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Wednesday, 5 July, 2000, 23:07 GMT 00:07 UK
Nutritionist sparks red meat row
Meat counter
Red meat could be good for you
A leading nutritionist has provoked controversy by suggesting people who do not eat red meat are risking their health.

The suggestion has been dismissed as flying the face of scientific evidence by vegan and vegetarian groups.

Professor Robert Pickard, director general of the British Nutrition Foundation, said a vegetarian diet was not natural for mankind.

Addressing a seminar of nutritionists at Stratford-upon-Avon, Professor Pickard said: "Man is an omnivore.

Anyone thinking of restricting their diet by becoming a vegetarian is potentially taking risks with their health

Professor Robert Pickard, British Nutrition Foundation

"Anyone thinking of restricting their diet by becoming a vegetarian is potentially taking risks with their health."

Professor Pickard said the gut contained a kilogram of bacteria to help digest the wide variety of food present in an omnivorous diet.

He said there was evidence that leaving the bacteria idle as a result of a restricted diet can make it easier for disease to take hold.

"Evolutionary science tells us that man emerged from an insect-eating group of mammals whose adaptability was greatly accelerated by the adoption of an omnivorous diet.

"Man's teeth, jaws and gut have evolved to deal with a mixture of meat and vegetables."

Third way diet

Professor Pickard said that this `third way' diet provided primitive man with a high-energy food intake making him a more effective species.

This gave him more time to think and stay ahead of competitor species.

"Meat should now play a central part in any person's diet.

A meat-free diet is commonly chosen by top class athletes precisely because it improves one's health

Catherine Grainger, Vegan Society

"It provides iron for the blood, vitamin D for the bones, and proteins and fatty acids for growth.

"Its role has emerged as a result of million of years of evolution. It is also highly likely that red meat contains many other beneficial nutrients that we do not yet fully understand."

Ian Tokelove, a spokesman for the Food Commission, set up to provide information on healthy diets to the consumer, refused to back Professor Pickard.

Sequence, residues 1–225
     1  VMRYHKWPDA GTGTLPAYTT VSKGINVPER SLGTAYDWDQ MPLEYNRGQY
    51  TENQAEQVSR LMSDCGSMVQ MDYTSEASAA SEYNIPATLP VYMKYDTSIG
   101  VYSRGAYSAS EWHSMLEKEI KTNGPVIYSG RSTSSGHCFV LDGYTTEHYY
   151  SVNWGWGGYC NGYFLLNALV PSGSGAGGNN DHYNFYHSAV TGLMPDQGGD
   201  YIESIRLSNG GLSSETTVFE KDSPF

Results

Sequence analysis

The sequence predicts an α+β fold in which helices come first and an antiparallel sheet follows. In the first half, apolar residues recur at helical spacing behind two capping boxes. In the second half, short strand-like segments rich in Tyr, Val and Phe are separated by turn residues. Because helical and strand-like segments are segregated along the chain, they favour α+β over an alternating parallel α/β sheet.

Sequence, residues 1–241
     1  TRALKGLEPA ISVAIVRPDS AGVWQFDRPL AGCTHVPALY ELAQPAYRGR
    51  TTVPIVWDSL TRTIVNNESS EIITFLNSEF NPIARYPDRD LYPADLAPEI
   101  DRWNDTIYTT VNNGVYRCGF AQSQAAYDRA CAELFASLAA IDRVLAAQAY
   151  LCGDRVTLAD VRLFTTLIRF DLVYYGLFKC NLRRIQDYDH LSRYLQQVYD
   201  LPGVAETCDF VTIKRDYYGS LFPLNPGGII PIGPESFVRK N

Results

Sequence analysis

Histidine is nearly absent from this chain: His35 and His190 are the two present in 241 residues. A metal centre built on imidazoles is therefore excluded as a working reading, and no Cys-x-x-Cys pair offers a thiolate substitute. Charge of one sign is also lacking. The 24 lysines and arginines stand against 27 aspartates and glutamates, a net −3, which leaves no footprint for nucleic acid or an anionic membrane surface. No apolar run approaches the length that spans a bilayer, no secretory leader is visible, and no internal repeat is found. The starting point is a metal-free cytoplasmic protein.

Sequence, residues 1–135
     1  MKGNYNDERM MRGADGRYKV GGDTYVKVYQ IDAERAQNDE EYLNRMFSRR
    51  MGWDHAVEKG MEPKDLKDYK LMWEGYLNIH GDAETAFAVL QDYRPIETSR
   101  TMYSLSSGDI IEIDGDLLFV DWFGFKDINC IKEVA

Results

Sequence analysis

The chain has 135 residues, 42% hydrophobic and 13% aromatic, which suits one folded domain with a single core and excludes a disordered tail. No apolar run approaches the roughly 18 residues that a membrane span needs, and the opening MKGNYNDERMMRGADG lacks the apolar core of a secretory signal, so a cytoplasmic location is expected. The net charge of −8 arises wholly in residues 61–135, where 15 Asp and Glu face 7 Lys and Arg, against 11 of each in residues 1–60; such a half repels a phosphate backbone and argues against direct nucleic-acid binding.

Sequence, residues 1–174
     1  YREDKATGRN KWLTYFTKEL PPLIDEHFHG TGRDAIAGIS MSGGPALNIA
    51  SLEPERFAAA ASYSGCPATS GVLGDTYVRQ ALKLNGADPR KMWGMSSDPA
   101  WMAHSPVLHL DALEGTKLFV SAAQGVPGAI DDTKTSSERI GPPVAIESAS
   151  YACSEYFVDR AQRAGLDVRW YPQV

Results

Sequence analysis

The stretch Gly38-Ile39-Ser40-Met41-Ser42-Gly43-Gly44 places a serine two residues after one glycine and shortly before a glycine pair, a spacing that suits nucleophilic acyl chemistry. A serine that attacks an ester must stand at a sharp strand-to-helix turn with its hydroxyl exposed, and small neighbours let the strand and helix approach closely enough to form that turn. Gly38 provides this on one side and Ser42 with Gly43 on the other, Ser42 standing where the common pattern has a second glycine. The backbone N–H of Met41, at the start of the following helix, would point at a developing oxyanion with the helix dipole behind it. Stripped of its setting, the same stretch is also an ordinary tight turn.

He said: "Meat does have a role to play in the diet, but it has been shown not to be essential.

"The body is adaptable and vegetarians actually have a healthy diet."

Vegetarian response

The Vegetarian Society said comments such as those made by Professor Pickard made many vegetarians worry about their diet - unjustifiably.

Sam Calvert, head of public affairs, said: "There is not cause for concern. There are three million vegetarians in the UK, and it can clearly be seen that vegetarianism is not have a detrimental effect on their health - in fact research shows that it has a positive effect."

Ms Calvert quoted a study published in the British Medical Journal in 1994 which showed vegetarians were 20% less likely than meat eaters to die before the age of 65 - and 40% less likely to die prematurely from cancer.

Catherine Grainger, of the Vegan Society, said Professor Pickard's comments contradicted advice from the World Health Organization, and the UK and US governments, who all recommend reducing consumption of foods high in saturated fats and cholesterol in favour high fibre, plant-based foods

"Professor Pickard's suggestion that meat should play a central part in any person's diet is outrageous given the wealth of scientific evidence showing that vegetarians and vegans are healthier than meat-eaters."

"Not only does a meat-free diet easily provide all the nutrients necessary for good health - including iron, protein, calcium, fatty acids and vitamin D - it is also commonly chosen by top class athletes and health care professionals precisely because it improves one's health."

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